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My sense is not that water boarding is ineffective, but that it is inhumane—cruel and unusual punishment. We are appalled to hear stories of how citizens of our country are being treated in other countries, but then we do the same thing, and it makes us just as bad as those we censure in other places. Of course, as also mentioned, like all torture, information obtained can be unreliable.
Mankind has discovered over thousands of years how to break the body and the spirit for religious and/or political reasons. There is a point—when excessive force is used—that some other kind of practice, one that is more humane, needs to be found. Water boarding is inappropriate. And its effectiveness is not in question—just its use.
The main argument against torture is that a person being tortured will say anything. You have no way of knowing if it is true or not. People will make things up to stop the pain. This can waste valuable time, as you chase down false lead after false lead.
Is it ineffective? Many would agree that torture and/or threat of torture does get the tongues wagging. The issue is whether or not the information provided is accurate or simply made up in the face of imminent danger to one's immediate person. No one likes pain, although many are trained to suffer through it without speaking or giving away pertinent information.
John McCain spoke out again last week on this subject, making his assessment of waterboarding very clear: It is torture, it is ineffective since the "intelligence" it produces cannot be considered reliable, and it is absolutely counter to the kind of people we are--or at least have always been. He spoke on the floor of the Senate, and since he is the only U.S. Senator to have withstood torture, for years, surely his judgment carries more weight than that of others, in the Senate or elsewhere in the government.
I tend to side with the FBI, the national law enforcement organization that has developed interrogation methods over long periods of time, discovering that non-violent, non-threatening methods tend to yield more information and more accurate information.
When waterboarding and other "enhanced interrogation techniques" (we're not the first government to smooth something horrible with less offensive sounding language) were being regularly practiced at Guantanamo, the FBI withdrew their agents from the program in protest.
Simulated drowning puts stress on the nervous system, the brain and the heart and lungs. Incidentally, a cattle prod does something very similar. Do enough of either to me, and I suspect I would tell you my own mother is al-Qaeda.
As the posters in #2 and #4 have said, waterboarding is a hot button issue with passionate people on both sides weighing in.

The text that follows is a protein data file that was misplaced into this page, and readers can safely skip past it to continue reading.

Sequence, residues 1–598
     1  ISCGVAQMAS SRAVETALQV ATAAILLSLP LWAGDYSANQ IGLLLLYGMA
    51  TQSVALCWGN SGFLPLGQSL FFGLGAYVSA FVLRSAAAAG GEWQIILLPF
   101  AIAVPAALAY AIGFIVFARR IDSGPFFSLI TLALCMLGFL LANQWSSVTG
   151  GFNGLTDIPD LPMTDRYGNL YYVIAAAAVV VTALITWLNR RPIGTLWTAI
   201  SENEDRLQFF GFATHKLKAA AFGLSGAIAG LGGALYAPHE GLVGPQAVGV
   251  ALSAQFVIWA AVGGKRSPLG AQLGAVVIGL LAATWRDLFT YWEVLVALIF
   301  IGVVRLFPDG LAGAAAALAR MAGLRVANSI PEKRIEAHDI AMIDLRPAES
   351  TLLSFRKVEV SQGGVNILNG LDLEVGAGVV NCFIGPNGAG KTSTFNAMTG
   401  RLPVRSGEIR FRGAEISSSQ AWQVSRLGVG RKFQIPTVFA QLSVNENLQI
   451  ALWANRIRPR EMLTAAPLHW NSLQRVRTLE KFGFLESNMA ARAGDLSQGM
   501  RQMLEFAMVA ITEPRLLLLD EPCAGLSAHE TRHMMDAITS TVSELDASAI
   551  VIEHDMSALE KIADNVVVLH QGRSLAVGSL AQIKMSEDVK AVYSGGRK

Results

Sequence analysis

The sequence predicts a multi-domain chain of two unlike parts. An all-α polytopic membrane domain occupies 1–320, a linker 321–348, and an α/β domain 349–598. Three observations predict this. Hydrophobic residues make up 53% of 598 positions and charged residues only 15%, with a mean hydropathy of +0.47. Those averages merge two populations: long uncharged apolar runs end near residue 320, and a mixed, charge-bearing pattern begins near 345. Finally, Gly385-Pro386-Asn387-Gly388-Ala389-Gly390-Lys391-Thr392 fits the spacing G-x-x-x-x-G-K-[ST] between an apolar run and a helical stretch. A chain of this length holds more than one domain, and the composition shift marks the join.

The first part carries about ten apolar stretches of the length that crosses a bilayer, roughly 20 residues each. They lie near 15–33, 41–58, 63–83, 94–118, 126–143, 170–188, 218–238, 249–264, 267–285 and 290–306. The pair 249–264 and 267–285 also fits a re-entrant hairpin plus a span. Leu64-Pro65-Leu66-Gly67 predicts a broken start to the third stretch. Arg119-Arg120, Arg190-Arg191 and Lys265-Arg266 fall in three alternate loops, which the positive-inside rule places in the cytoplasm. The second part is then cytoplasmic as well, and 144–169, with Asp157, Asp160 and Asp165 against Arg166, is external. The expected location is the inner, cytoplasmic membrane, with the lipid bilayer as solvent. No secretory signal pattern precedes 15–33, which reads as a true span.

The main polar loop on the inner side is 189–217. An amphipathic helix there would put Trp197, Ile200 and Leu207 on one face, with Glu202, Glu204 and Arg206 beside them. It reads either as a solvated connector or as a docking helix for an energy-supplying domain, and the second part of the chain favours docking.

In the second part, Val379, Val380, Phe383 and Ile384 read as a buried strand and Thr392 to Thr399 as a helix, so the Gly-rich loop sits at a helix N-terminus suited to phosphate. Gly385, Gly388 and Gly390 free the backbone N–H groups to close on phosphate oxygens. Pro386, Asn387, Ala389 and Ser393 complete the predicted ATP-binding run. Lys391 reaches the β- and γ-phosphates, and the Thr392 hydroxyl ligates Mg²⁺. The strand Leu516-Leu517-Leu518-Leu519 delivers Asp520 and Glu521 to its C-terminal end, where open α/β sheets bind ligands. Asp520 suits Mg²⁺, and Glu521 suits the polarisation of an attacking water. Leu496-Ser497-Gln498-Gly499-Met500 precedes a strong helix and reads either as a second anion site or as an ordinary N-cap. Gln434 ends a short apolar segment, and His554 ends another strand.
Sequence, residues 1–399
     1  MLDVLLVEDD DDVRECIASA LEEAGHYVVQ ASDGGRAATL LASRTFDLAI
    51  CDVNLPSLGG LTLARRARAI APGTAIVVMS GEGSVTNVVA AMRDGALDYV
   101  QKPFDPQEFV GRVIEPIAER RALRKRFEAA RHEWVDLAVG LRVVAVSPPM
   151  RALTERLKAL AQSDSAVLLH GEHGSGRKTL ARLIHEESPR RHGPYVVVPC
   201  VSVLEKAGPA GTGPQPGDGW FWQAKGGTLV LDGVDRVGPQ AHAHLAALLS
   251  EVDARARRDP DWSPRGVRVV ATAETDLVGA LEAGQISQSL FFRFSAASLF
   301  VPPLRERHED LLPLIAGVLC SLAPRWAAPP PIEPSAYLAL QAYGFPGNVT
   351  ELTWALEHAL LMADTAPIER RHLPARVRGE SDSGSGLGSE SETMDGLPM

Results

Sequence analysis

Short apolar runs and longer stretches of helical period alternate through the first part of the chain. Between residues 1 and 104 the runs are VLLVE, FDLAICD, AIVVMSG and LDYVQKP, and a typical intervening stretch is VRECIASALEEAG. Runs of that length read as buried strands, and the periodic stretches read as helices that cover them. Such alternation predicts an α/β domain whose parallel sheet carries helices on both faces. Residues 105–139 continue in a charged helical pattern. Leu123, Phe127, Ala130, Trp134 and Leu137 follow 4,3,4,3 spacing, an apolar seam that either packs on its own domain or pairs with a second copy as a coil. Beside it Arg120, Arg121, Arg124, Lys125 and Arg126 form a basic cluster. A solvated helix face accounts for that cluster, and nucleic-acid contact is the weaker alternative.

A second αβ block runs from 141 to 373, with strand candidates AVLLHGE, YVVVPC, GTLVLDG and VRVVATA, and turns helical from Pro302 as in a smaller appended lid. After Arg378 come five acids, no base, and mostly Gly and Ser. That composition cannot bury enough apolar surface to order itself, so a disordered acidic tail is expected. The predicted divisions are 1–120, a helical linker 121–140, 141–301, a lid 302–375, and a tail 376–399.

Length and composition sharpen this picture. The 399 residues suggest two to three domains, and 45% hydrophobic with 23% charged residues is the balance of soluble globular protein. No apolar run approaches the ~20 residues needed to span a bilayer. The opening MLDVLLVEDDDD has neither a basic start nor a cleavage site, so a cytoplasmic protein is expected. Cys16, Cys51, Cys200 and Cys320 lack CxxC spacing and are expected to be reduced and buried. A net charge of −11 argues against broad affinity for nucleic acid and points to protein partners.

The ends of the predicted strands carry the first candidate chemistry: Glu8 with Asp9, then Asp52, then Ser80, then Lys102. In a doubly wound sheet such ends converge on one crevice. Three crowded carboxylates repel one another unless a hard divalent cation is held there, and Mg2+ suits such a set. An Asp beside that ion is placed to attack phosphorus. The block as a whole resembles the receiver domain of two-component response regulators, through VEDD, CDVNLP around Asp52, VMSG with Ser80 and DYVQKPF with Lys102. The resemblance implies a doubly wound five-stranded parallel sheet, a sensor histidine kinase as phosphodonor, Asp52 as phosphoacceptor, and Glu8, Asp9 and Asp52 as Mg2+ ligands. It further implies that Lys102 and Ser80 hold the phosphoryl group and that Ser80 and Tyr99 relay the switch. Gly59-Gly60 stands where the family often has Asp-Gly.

Those who believe it IS effective say that since the fear of drowning is a strong one,
that people will give up valuable intellligence information in order not to be dunked again and face the risk of death by water. Supporters also believe that this "advanced interrogation technique" may be the only way to save innocent American lives by giving the CIA information that leads to the heads of terrorist organizations so they can be taken out before they kill more of our citizens. Even Obama's CIA chief, Leon Panetta has admitted publically that waterboarding contributed to information that lead the military to Osamba Bin Laden. (See article at link below):
Those who believe it is NOT effective think that to get out of facing another dunking, victims will give up false information so it will stop. Anti-waterboarding people also believe the technique is inhumane and takes the US down to the level of the terrorists they are trying to catch. (See link below:)
I think the problem with waterboarding and any other such form of torture is precisely that it is so terrible that the temptation is that you will not gain accurate information from people who are waterboarded. Classic examples of this to my mind come from Stalin's Russia, when people would be made to confess whatever crimes simply to bring an end to the torture. If you want to completely break people as humans, then waterboarding could be considered to be effective. If you want a method to gain accurate information, you need to think of other methods.
First, I would point out that not everyone agrees that waterboarding is ineffective. There are many who believe that the answers gained from such interrogation techniques are useful.
Those who disagree argue that people who are put under such duress (that could be called torture) are likely to say whatever they think their interrogators want to hear. To people who believe this, waterboarding is ineffective because it is not likely to elicit truthful answers. Instead, it is likely to cause the person being questioned to come up with whatever sorts of stories they think will end the waterboarding.
There is no scientific evidence one way or the other so there is no way to know which side is correct.
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